The Adventures of Sherlock Holmes
There would be no Sherlock Holmes without technology and modernization: without the telegraph service, how would Holmes send his messages in "The Five Orange Pips?" Without trains, how could he travel across the country consulting on cases like "The Boscombe Valley Mystery" and "The Engineer's Thumb"? And without modern ocean liners, how would all the travel in these stories – to Australia, to New Zealand, to India, to Mauritius – be possible? Even Holmes's frequent chemical experiments show Conan Doyle's commitment to all that is new-fangled. What's more, the whole idea of the detective is a pretty contemporary notion: looking for clues as a basis for logical reasoning is a concept rooted in modern scientific method.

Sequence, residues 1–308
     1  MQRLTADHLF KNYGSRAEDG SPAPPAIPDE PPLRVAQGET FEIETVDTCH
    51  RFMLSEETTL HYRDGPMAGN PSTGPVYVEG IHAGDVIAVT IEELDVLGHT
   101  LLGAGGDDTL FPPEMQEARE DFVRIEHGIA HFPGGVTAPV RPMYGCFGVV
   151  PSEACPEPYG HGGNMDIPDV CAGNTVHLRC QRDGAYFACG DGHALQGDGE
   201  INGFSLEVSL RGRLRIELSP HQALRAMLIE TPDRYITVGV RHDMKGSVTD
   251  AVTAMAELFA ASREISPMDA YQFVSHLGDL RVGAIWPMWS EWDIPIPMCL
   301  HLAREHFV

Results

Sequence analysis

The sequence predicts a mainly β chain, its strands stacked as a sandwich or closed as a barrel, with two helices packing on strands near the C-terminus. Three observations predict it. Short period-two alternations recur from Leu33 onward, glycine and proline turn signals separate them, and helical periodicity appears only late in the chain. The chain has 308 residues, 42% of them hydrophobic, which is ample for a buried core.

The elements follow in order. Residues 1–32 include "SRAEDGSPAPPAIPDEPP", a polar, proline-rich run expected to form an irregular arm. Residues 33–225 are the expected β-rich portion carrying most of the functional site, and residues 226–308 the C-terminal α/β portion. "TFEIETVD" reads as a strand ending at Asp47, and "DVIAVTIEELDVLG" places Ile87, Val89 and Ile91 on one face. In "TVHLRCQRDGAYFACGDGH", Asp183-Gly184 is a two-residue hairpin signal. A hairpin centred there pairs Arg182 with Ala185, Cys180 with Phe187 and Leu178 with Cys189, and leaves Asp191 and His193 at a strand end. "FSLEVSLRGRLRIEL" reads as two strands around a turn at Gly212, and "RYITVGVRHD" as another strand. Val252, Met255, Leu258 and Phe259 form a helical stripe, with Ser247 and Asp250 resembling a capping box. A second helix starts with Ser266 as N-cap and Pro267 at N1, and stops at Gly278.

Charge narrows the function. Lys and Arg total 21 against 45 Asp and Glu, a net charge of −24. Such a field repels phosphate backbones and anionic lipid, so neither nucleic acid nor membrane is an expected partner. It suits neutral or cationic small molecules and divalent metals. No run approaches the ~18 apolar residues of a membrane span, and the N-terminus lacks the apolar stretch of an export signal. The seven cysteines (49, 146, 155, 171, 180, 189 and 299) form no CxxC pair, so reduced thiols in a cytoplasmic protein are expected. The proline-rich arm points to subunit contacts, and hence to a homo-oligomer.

Questions About Technology and Modernization
- How are new communication technologies represented in Conan Doyle's stories? What contributions do they make to the action?
- How do new transportation technologies feature in Conan Doyle's stories? How do these developments make Holmes's detective work possible?
- In what sense is the detective story a distinctly modern development?
Chew on This
Without modern developments like the telegraph, the train system, and even the London Underground, Holmes would be unable to conduct his cases.
Many of the crimes conducted in the Holmes stories, including "The Five Orange Pips," "The Boscombe Valley Mystery," and "The Speckled Band," come about as a result of improved methods of transportation that have made international travel easy for numerous people.